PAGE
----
Doctor's Notes on Multiple Myeloma
Multiple myeloma is type of cancer that affects a specific kind of white blood cell. White blood cells are part of the immune system and they help fight infections in the body. They are produced in the bone marrow within the bones. In multiple myeloma, the bone marrow makes too many of a specific type of white blood cell, which can invade tissues and organs causing local and remote organ dysfunction.
Symptoms of multiple myeloma depend on the stage and spread of the disease.
- An early symptom can include osteoporosis.
- The most common symptom of multiple myeloma is bone pain resulting from bone lesions.
- In advanced myeloma, symptoms of
- burning sensation,
- loss of function of a limb or joint, or even paralysis may occur.
- Multiple myeloma may cause kidney damage and symptoms including
- Anemia may occur with symptoms such as
- paleness, and
- mild shortness of breath.
- Other symptoms caused by multiple myeloma include
- spontaneous bruising or bleeding,
- visual problems,
- neurologic problems (lethargy, confusion, sleepiness, headache, problems with sensation or movement in one area of the body, stroke),
- shortness of breath or chest pain (due to congestive heart failure),
- frequent infections,
- tiny red spots on the skin,
- undetected bleeding in the brain or digestive tract,
- increased sensitivity to cold and/or pain and numbness in the fingers and toes during cold weather,
- heart failure,
- liver failure,
- kidney failure, and
- blood vessel damage.
What Is the Treatment for Multiple Myeloma?
There are numerous treatments for multiple myeloma. Some treatments are directed at the cancer cells in the body and some treatments are directed at the effects of the cancer cells and provide symptomatic relief.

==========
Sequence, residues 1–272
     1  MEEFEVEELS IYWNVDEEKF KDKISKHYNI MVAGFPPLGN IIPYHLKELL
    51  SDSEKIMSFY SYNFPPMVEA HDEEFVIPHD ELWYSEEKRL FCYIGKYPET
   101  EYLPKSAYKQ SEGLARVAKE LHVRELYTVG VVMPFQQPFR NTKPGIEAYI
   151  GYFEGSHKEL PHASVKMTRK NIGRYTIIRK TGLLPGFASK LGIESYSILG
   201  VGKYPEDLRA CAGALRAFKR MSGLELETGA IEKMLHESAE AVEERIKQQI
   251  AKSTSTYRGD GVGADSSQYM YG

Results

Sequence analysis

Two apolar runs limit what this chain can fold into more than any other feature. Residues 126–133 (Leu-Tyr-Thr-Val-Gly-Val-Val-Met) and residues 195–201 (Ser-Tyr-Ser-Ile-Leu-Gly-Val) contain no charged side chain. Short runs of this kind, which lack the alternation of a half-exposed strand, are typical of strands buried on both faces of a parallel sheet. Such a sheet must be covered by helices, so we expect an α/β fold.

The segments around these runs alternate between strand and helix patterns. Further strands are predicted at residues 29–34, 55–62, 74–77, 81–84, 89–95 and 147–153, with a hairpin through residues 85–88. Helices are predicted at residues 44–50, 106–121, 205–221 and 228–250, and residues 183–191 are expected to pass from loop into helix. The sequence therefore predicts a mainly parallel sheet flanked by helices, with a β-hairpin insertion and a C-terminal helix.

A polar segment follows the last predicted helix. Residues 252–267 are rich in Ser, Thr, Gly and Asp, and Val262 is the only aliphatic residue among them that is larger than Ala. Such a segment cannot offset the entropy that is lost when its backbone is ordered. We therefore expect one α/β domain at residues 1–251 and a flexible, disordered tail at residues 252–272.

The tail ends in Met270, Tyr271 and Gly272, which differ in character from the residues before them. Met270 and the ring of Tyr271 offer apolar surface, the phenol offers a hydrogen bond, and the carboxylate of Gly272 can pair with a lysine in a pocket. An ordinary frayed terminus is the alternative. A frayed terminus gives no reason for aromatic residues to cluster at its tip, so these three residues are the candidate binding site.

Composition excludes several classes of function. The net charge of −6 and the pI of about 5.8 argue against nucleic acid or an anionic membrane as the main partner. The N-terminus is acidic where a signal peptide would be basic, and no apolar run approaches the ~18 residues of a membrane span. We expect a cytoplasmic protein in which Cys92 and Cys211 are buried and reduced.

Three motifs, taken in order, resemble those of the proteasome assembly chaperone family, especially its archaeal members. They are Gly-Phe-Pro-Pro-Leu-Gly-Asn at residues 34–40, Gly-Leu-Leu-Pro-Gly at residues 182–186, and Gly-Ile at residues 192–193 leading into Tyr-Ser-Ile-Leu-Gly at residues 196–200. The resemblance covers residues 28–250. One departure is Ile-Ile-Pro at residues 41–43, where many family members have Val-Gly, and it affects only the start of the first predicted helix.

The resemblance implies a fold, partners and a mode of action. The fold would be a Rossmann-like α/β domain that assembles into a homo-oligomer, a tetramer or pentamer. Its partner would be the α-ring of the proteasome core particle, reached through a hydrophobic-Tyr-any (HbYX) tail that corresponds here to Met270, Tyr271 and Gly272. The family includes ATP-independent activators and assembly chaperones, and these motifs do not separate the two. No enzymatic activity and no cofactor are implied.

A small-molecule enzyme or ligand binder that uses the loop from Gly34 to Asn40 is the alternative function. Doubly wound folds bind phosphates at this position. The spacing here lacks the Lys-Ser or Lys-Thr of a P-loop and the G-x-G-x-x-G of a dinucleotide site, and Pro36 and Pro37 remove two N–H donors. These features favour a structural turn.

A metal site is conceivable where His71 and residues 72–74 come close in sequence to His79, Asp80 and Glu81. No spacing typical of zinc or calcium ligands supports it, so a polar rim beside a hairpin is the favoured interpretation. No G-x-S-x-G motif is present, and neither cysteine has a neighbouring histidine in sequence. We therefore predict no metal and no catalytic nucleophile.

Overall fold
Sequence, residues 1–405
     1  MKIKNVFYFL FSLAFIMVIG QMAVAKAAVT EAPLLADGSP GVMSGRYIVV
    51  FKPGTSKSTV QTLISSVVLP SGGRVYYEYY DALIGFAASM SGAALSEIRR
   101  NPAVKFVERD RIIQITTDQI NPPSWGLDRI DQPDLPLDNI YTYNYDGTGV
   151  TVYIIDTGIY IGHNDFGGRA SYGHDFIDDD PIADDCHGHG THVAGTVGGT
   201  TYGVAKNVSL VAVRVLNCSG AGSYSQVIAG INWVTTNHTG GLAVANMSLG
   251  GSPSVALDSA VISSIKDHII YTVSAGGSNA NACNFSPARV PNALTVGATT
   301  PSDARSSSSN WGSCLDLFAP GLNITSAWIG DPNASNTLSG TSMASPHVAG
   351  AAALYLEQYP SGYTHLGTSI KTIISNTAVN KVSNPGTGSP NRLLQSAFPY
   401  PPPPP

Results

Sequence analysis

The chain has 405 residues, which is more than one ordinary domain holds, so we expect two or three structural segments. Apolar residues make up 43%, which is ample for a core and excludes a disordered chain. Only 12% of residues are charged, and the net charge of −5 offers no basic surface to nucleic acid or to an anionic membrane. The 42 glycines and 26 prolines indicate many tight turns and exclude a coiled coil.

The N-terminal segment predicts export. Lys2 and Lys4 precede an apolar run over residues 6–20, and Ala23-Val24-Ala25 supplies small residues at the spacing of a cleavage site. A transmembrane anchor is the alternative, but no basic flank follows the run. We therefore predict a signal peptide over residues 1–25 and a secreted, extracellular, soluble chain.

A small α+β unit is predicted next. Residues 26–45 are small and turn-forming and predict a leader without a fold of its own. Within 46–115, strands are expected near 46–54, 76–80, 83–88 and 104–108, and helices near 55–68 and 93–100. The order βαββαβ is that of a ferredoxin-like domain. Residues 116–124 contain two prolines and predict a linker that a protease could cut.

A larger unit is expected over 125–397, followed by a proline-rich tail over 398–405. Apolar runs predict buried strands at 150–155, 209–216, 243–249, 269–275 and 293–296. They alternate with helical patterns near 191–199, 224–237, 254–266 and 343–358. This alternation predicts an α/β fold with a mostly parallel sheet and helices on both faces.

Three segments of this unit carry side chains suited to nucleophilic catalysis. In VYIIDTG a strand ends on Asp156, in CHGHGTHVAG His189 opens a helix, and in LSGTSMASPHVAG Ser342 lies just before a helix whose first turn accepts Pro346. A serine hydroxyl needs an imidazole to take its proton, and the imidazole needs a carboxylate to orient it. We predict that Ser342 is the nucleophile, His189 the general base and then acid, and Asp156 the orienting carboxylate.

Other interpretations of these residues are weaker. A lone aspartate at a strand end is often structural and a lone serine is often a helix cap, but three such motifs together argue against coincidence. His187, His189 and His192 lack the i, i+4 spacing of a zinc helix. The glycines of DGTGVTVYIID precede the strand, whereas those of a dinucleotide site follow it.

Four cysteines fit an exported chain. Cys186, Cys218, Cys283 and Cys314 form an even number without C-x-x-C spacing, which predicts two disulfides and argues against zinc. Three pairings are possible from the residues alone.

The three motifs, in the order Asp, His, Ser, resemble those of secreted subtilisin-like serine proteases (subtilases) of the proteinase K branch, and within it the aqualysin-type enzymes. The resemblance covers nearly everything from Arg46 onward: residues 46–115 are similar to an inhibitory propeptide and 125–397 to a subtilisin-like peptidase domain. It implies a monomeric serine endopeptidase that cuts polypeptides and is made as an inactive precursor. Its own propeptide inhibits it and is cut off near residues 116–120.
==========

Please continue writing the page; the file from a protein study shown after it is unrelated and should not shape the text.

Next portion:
Chemotherapy, monoclonal antibodies, and proteasome inhibitor drugs are common treatments for multiple myeloma and reach cancer cells throughout the body. In the U.S., the most commonly used induction therapy for healthy, transplant-eligible patients is called VRd, which is a combination of bortezomib (Velcade), lenalidomide (Revlimid), and low-dose dexamethasone.
Other common drug therapies used to treat multiple myeloma include (or combinations of these listed below):
- Proteasome inhibitors
- Bortezomib (Velcade)
- Carfilzomib (Kyprolis)
- Ixazomib (Ninlaro)
- Immunomodulating drugs
- Steroids such as dexamethasone and prednisone
- May be used alone or combined with other drugs
- Also used to help decrease nausea and vomiting caused by chemotherapy
- Histone deacetylase (HDAC) inhibitors
- Panobinostat (Farydak)
- Monoclonal antibodies
- Elotuzumab (Empliciti)
- Daratumumab (Darzalex) or a newer form of the drug, called daratumumab and hyaluronidase (Darzalex Faspro)
- Isatuximab (Sarclisa)
- Antibody-drug conjugate: Belantamab mafodotin-blmf (Blenrep)
- Chimeric antigen receptor (CAR) T-cell therapy: idecabtagene vicleucel (Abecma)
- Nuclear export inhibitor
- Selinexor (Xpovio)
Other types of drugs used to treat multiple myeloma symptoms include:
- Bisphosphonates for bone disease
Other systemic treatments that are used in multiple myeloma treatment include:
- Stem cell transplant
- Supportive treatments
- Used to repair damage from the cancer or remove individual tumors
- Radiation therapy
- May be used to treat areas of bone damaged by myeloma that have not responded to chemotherapy and/or other drugs
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Kasper, D.L., et al., eds. Harrison's Principles of Internal Medicine, 19th Ed. United States: McGraw-Hill Education, 2015.